It seems like it has been a long time since transgender issues were near the top of the list of employer concerns. Most employers have revised personnel policies to address transgender issues. Those that have not should give serious consideration to reviewing their existing employment policies to ensure that they have procedures in place to address issues that may arise with transgender employees. Now, there is yet another issue to consider when addressing transgender issues in the workplace.
In 2017, a new wrinkle in the transgender landscape reminded all employers of the need to stay current on transgender issues. In Blatt v. Cabela’s Retail Inc., a federal district court in Pennsylvania expanded protections under the ADA to include those diagnosed with gender dysphoria. Prior to Blatt, employers did not have to consider the ADA when working with transgender employees because of a specific exclusion that addresses gender disorders.
The Blatt case involved an employee who was transitioning and had actually been diagnosed with “gender dysphoria,” a recognized medical condition. The employee had asked to use female restrooms and requested a female name tag and female uniforms. Her requests to use female restrooms were denied and she was forced to wear a male name tag. In addition, she was subjected to degrading and discriminatory comments prior to being terminated. She filed suit alleging discrimination and retaliation under the ADA.
Cabela’s filed a motion to dismiss, alleging that the ADA specifically excludes gender identity disorders. The ADA does, in fact, exclude gender identity disorders as mentioned above. However, the court, in analyzing Cabela’s motion to dismiss, held that the exclusion can be read as having two distinct categories. The first category includes non-disabling conditions that concern sexual orientation or identity. The second category involves disabling conditions that are associated with harmful or illegal conduct. The court held that the ADA exclusion was not intended to exclude disabling conditions associated with harmful or illegal conduct.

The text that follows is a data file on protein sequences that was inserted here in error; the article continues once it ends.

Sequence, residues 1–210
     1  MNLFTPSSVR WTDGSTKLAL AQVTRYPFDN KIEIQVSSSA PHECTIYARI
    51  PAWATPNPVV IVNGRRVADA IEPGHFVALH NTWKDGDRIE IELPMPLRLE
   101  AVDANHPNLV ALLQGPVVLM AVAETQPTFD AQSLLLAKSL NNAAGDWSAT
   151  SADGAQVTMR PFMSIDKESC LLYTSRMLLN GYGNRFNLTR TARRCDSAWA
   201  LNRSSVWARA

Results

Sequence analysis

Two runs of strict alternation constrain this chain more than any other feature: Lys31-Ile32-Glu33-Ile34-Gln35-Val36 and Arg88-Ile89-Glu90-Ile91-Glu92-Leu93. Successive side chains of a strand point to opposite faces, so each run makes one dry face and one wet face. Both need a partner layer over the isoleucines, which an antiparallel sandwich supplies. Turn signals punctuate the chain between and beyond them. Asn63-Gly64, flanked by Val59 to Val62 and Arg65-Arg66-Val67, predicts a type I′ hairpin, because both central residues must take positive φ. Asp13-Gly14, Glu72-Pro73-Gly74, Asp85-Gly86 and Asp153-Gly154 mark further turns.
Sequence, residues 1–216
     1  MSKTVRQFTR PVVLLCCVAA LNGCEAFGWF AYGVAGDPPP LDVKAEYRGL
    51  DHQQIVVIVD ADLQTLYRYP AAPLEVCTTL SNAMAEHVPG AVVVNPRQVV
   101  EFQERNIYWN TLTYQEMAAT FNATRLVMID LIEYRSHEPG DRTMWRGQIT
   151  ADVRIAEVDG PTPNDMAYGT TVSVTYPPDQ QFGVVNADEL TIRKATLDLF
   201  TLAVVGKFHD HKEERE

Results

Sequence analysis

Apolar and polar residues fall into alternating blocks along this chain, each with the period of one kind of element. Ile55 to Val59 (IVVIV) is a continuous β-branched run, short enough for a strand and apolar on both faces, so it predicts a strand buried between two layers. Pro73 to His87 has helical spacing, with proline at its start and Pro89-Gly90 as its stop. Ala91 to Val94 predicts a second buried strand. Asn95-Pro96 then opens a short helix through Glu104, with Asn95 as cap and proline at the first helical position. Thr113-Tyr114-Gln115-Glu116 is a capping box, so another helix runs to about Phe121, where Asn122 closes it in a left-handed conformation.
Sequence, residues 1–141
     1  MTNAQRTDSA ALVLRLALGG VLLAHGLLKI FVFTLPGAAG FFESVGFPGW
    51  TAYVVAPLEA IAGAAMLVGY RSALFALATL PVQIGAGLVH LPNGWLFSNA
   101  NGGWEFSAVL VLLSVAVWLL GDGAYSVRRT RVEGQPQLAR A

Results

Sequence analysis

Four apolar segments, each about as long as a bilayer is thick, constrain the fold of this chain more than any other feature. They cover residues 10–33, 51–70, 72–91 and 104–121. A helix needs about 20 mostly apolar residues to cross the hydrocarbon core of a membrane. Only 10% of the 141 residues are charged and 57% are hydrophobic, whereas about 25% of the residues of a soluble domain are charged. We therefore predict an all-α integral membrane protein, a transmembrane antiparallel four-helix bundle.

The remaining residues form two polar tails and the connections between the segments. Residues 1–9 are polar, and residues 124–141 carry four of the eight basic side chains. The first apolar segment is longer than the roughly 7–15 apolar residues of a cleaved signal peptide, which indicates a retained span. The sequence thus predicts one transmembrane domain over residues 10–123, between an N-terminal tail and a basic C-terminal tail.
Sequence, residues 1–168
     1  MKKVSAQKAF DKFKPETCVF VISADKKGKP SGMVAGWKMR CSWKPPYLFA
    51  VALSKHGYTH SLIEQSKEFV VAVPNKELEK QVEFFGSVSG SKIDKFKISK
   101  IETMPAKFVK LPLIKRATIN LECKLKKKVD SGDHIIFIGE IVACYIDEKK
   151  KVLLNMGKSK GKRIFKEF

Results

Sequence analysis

More specifically, the court took into account the fact that Blatt had been diagnosed with gender dysphoria and that the condition met the ADA definition of disability in that it impairs one or more major life activities. In Blatt’s case, the impaired life activities were interacting with others, reproducing and social and occupational functioning. The court held that exceptions to the ADA should be read narrowly so as to allow the statute to achieve a broad reach, namely protecting those who have a condition that impairs one or more major life activities.
So now, in addition to having policies that address the variety of transgender issues that may arise in the workplace, employers need to be aware that they will also need to consider the ADA and its accommodation requirements when working with transgender employees in the workplace. If an employee has been diagnosed with gender dysphoria, then employers should be prepared to address requests made by that employee as requests for reasonable accommodation under the ADA.
As always, if you have questions regarding this or any other employment or labor related matters or if you need to update your personnel policies, please do not hesitate to contact Ancel Glink.